When living in another country it’s only natural to miss some of the tastes of home. In my case, the extreme rarity of root beer has been a source of sadness. Time to time I’ll come across a supermarket or import shop that carries it and am sure to pick up a can despite its often exorbitant price of around 200 yen (US$1.69).

The reason for the absence of the drink on the Japanese market is obvious though. Although root beer has its share of detractors even in its home of America, the sheer number of people who can’t stand the stuff in Japan is huge. What is it that makes root beer so overwhelmingly disgusting to Japanese people?

Okinawa: Land of root beer

Recently our reporter Nakano made the trip down to Okinawa to get a taste of the frothy brown soft drink for the first time. Okinawa was the one enclave of Japan where root beer could flourish thanks to the presence of American military installations there.

Nakano figured he’d do it right and went to an A&W restaurant for a fountain style glass of it. On researching root beer, he found that its reputation in Japan was that you’d either get completely disgusted by it or completely addicted to it on the first sip.

It turned out he was firmly in the completely disgusted camp and could barely finish his glass. He offered it to his travel companions who gave their opinions as “Aw, this is sh*t! F**k you!”

▼ Thank you! Come again!

Empirical Studies

In my many years living in Japan I have offered drinks of root beer (A&W mostly) to as many Japanese people as possible, well over a hundred. Although I haven’t recorded the reactions for a solid figure, I can say with confidence that about 90% of people who tasted it were immediately turned off.

Kids and teens tended to show a slight preference for it, but into adulthood there seems to be no correlation between age and a hatred of root beer. By far the most popular reason for disliking it is that “it tastes like medicine.” By a wide margin most people I’ve talked to compare it to the scent of a shippu which is a chemical hot or cold patch used for muscle aches and injuries. Nakano mentioned a popular comparison to a pain-relief patch by the name of Salonpas “with just a hint of sugar mixed in.”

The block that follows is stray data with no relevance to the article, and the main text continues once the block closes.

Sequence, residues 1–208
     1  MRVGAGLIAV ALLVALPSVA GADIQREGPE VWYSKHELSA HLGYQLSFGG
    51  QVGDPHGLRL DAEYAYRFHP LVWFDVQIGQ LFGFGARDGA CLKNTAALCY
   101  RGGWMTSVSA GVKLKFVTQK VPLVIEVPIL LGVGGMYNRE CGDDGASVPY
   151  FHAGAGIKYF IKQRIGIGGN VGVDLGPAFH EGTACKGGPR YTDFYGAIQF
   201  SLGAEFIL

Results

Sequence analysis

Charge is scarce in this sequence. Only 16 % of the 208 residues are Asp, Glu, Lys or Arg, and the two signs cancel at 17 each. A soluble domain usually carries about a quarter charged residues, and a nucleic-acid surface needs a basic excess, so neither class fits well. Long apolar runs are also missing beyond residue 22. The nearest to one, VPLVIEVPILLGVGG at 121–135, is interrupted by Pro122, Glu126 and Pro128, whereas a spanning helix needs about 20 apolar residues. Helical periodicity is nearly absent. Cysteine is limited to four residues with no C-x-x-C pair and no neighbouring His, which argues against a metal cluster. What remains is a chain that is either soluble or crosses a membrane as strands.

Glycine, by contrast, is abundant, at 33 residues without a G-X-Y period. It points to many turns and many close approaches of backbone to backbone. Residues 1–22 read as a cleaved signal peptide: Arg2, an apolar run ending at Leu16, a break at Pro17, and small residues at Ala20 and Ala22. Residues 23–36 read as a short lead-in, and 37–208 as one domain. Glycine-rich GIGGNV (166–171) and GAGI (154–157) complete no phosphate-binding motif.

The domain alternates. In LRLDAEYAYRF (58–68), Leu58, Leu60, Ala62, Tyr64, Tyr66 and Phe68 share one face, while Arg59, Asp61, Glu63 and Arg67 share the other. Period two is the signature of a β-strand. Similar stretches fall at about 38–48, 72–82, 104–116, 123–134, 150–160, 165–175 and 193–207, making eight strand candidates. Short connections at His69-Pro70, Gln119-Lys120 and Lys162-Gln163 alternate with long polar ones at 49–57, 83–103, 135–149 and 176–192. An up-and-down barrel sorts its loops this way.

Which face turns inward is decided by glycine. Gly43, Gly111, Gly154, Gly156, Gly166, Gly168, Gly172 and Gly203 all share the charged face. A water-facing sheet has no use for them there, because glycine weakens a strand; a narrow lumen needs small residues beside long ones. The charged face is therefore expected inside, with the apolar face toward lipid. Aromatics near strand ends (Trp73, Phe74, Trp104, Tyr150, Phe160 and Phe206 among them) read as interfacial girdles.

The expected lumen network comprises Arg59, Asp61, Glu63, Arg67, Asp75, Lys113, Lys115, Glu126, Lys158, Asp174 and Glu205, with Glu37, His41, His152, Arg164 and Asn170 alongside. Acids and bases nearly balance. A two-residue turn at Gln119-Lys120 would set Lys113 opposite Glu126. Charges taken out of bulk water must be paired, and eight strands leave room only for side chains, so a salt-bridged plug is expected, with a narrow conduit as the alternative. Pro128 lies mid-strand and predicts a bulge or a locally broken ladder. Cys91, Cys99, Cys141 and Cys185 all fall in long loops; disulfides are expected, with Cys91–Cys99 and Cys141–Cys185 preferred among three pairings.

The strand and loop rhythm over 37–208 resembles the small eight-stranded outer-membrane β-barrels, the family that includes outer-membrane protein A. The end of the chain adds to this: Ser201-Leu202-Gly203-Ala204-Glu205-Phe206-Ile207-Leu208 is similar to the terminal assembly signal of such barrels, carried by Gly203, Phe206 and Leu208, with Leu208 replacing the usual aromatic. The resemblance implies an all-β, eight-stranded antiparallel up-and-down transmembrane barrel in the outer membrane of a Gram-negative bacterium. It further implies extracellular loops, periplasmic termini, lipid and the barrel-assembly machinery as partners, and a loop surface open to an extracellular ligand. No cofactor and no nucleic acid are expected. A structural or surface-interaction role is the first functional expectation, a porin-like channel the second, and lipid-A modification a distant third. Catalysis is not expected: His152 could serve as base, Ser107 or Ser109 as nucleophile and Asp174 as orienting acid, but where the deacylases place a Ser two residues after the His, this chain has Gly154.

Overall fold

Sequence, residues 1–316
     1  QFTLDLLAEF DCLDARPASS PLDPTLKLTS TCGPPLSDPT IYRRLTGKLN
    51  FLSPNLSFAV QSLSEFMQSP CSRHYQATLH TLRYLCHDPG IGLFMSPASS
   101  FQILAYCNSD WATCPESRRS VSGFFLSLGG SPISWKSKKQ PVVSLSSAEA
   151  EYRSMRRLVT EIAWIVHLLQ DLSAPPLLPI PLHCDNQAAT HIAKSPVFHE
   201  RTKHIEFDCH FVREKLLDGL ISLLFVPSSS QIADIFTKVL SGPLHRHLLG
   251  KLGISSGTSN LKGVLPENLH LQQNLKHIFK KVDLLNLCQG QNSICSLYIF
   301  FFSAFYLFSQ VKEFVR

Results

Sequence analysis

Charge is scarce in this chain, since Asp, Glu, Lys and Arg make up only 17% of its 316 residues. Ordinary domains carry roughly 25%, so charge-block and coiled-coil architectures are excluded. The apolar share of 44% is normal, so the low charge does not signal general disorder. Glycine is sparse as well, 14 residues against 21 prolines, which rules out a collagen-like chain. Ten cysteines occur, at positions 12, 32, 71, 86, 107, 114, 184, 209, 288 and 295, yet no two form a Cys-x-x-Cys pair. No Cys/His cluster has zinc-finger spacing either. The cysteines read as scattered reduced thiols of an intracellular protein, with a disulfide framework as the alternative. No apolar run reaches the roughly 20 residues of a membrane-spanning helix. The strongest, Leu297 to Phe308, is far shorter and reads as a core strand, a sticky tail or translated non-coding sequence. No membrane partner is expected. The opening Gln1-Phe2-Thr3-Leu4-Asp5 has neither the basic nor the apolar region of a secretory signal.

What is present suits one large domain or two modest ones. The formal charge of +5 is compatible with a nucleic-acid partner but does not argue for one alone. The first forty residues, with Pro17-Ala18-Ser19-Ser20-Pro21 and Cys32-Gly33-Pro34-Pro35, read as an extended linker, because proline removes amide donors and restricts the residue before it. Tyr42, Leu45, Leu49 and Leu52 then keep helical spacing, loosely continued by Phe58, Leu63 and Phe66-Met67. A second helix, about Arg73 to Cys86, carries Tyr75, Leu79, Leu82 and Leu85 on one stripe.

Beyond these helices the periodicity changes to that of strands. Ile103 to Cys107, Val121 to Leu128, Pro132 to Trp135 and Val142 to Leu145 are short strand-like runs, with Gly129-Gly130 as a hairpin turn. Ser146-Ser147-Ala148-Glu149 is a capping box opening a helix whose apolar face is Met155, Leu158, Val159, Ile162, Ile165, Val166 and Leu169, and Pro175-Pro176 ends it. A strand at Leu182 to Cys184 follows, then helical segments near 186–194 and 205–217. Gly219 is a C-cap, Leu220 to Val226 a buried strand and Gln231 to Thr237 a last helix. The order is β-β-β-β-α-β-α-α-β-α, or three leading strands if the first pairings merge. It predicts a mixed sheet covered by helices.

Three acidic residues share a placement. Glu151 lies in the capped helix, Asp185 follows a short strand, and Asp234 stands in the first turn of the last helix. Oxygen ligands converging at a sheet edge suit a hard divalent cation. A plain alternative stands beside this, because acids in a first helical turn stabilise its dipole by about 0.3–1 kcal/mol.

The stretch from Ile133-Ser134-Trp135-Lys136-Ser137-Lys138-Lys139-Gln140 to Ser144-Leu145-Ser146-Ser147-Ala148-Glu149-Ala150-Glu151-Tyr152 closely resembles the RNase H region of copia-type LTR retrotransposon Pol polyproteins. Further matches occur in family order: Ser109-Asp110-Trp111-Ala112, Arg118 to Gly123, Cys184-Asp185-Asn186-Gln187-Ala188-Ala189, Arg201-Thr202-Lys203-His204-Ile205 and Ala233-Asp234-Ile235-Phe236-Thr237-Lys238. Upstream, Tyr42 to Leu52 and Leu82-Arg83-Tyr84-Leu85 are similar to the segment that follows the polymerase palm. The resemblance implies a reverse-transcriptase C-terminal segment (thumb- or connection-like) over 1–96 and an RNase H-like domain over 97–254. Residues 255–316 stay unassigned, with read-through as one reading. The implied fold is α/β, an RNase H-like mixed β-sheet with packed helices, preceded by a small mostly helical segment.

Off to the drug store

I could understand the comparison to medicine in the sense that root beer does use various roots (hence the name) that might be used in medicines such as licorice. There are also hints of mint and wintergreen but hardly enough to remind me of medicine. Furthermore, I’ve never encountered any medicine that even remotely reminded me of root beer. At best some cough syrups have that sickly attempt at a cherry flavor that some associate with a Dr. Pepper (also fairly hated in Japan), but nothing like an A&W.

So I went down to the local drug store and picked up a pack of Salonpas that Nakano mentioned for a smell test. Sure enough right upon opening up the sealed plastic back I was hit with a whiff that smelled just like root beer with slightly more mint to it. I actually found myself taking deeper and deeper sniffs attracted to the sweet flavor but then realized that inhaling a medicinal patch probably wasn’t good for the old brain cells and stopped.

Suddenly it all added up. People in Japan would likely associate the smell of root beer to the inedible pain-relieving patch and perhaps even on a deeper level to the painful situation that came along with it for an extra kick of negativity. On the other hand, I found Salonpas pads to have an utterly delightful smell and would recommend them for anyone who loves root beer and has stiff shoulders. It also kind of explained why kids didn’t mind the taste as much since they were less likely to use Salonpas.

Different floats for different folks

There are likely other factors at play in the widespread dislike of root beer in Japan. Perhaps its flavor doesn’t mesh well with the standard cultural tastes of the land, but in a country that embraces natto, fermented beans which smell like a turd wrapped in a sweaty sock, that seems unlikely.

There’s also a chance of a genetic factor in Japanese people’s sense of taste which makes something in root beer stand out as particularly unpleasant. However, judging by people’s overwhelmingly popular comparisons to medicine it would seem that is the culprit here.

This leaves the question of why Salonpas smells like root beer. The ingredients listed on the box say that it has “added scents” suggesting that the fragrance was chosen deliberately by the makers. Regardless of whether this scent was designed to be like root beer or merely a coincidence, it seems to have really put the kybosh on the drink’s popularity in the entire country.

UPDATE: As Kim Pennebaker pointed out in the comments, it appears that wintergreen oil (methyl salicylate) is the common scent between Salonpas and root beer rather than any added scent. Methyl Salicylate is the active ingredient in highest content in Salonpas and tends to have a pungent scent. It’s used in other medicines and foods as well, but in the case of Salonpas and root beer it appears to be all in the amounts.

Photos: RocketNews24
Read Nakano’s full report in Japanese on RocketNews24

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